May 17, 2012

Review: Cryer's Cross

By: Lisa McMann
Published: February 2011 by Simon Pulse
Format: Hardback, 233 pages
First Reviewed: June 2011
Buy: Barnes & Noble//Books-A-Million//Amazon//Book Depository
Add it on Goodreads

The smaller the town, the bigger the secrets.

Kendall loves her life in small town Cryer's Cross, Montana, but she also longs for something more. She knows the chances of going to school in New York are small, but she's not the type to give up easily. Even though it will mean leaving Nico, the world's sweetest boyfriend, behind.
But when Cryer's Cross is rocked by unspeakable tragedy, Kendall shoves her dreams aside and focuses on just one goal: help find her missing friends. Even if it means spending time with the one boy she shouldn't get close to... the one boy who makes her question everything she feels for Nico.
Determined to help and to stay true to the boy she's always loved, Kendall keeps up the search—and stumbles upon some frightening local history. She knows she can't stop digging, but Kendall is about to find out just how far the townspeople will go to keep their secrets buried....

Rating: 2/5

This book is actually my third by McMann. I read Wake and Fade a few years ago, but I don't remember how I liked those, so I started this with no high expectations. Except to be intrigued and creeped out by the mystery. But, sadly, this was a case of "Misleading Description and Tagline." Ugh.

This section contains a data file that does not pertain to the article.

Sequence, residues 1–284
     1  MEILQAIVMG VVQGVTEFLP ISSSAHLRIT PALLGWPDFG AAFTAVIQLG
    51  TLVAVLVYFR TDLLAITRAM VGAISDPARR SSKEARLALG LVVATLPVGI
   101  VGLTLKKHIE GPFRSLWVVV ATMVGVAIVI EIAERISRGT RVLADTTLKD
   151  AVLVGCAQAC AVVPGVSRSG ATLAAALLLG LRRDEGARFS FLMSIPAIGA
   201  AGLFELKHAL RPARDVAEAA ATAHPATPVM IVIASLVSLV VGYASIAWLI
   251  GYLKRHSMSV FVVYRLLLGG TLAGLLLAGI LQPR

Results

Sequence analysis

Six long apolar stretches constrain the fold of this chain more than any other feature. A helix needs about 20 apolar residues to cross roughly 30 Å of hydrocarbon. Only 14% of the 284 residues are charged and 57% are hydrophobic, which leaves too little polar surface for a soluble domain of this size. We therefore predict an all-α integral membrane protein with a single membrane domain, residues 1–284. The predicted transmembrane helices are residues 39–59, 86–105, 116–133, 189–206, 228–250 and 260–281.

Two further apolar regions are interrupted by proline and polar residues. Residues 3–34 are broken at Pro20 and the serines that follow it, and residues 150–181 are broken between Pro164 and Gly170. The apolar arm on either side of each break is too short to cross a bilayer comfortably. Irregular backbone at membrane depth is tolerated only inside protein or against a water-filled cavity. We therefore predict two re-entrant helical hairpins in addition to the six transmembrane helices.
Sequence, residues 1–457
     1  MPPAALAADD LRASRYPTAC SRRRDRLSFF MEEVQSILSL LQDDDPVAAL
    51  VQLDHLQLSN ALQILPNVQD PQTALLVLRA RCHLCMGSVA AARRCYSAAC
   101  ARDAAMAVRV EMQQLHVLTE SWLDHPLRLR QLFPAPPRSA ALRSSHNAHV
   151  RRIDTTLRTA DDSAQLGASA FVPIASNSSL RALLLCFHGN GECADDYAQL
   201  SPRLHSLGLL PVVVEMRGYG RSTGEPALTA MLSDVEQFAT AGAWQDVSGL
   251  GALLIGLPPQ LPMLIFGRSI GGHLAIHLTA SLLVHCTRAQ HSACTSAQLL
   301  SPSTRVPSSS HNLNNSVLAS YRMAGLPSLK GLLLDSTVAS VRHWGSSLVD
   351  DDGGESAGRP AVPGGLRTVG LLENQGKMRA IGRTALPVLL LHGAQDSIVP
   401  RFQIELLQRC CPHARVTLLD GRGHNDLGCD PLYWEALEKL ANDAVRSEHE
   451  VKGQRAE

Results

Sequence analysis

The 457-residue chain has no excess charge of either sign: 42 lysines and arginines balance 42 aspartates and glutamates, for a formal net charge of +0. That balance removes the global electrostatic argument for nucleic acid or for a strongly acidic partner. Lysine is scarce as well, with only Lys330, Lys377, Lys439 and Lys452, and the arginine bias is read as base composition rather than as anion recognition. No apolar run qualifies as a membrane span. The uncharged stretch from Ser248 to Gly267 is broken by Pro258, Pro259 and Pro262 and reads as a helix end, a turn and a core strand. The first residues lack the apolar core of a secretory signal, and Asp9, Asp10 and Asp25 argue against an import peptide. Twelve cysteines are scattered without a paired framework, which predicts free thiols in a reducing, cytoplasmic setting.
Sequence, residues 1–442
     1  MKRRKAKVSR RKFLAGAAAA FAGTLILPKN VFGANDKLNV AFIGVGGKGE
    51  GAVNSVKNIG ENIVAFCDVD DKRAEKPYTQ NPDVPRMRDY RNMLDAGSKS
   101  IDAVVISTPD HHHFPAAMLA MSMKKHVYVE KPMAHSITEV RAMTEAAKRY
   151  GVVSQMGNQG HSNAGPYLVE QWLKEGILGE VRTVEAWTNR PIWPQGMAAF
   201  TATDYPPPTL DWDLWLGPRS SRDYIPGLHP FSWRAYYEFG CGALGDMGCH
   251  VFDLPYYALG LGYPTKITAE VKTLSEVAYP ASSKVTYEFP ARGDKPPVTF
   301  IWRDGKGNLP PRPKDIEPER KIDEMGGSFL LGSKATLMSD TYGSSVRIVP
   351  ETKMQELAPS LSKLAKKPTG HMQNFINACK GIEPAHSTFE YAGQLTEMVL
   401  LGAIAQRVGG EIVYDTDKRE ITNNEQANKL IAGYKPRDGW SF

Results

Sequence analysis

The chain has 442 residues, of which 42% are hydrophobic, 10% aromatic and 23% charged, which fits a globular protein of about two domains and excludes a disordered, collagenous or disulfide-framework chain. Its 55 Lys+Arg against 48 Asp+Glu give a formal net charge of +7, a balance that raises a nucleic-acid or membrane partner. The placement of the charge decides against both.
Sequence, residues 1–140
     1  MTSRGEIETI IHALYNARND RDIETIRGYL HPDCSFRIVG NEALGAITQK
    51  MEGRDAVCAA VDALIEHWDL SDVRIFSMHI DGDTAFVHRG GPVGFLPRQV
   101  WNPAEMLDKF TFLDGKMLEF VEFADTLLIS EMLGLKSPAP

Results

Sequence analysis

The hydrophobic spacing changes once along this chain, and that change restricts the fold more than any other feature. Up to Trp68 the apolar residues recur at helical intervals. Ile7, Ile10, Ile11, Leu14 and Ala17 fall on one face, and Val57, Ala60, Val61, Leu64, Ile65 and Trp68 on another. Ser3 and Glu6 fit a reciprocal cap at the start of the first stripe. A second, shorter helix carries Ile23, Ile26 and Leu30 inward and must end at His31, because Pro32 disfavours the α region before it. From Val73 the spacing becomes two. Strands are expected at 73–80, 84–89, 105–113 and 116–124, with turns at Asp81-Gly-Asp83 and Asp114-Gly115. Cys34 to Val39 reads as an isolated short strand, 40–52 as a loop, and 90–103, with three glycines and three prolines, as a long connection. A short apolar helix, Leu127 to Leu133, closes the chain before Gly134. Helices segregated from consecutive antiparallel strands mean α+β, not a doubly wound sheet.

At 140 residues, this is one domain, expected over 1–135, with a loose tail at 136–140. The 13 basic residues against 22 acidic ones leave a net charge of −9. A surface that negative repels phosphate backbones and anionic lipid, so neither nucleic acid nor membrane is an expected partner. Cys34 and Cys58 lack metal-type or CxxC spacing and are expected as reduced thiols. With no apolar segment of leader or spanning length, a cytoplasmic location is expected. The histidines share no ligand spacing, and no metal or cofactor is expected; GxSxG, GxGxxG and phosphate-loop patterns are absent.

Dear Publishers,
Please stop misleading your readers. If you write a description like this, and talk about how the town is hiding one giant secret, then make sure the book lives up to that mysterious feel. Otherwise, you'll get something like this, which just didn't work.

What I liked about McMann's style was the little "We" bits in between some of the chapters. I thought those were pretty interesting and their tone was almost like a whisper. I also liked her simple style in some areas. She didn't over-describe anything or go crazy with prose. But that also ended up being something that bothered me as well.

I just couldn't get into her writing, first off, but once I did, it just felt disconnected and like I was never in Kendall's head. Sure, she has OCD, but just telling me what she does won't make me feel for her. Where were the racing thoughts behind it? For example, she'd often say something like "Kendall's OCD kicks in," but we would never feel it. As someone with OCD, I expected that. The narrative was just too tell-y for me. And the dialogue? Sometimes it was forced. If Kendall's parents know how she struggles with OCD, would they really talk about it like "My OCD is going nuts"? It just didn't feel realistic.

Sigh. There were just way too many elements to Kendall. Way, way too many. She has OCD, she's supposedly smart, she dances (I don't know when or where...but she wants to go to college for it), she does theater and sings, she plays soccer, she works on the farm, and so on. There was just too much to the point where I didn't care about her. I was too busy trying to figure out what she actually loves to do. Sure, people have a lot of hobbies and those with OCD need to keep busy, but it completely distracted from her actual character. With the OCD, I've already mentioned how I never felt the OCD, but also, I wasn't sure if I was supposed to feel sorry for her or not. The way she carried herself the majority of the time was strong-spoken character (she cursed, she spoke her mind, for example), but then the narrative made me believe that she was shy and embarrassed. Yeah, people can be both, but it was just too much of a contrast. She'd speak, and I'd be confused to whether or not that was the same character.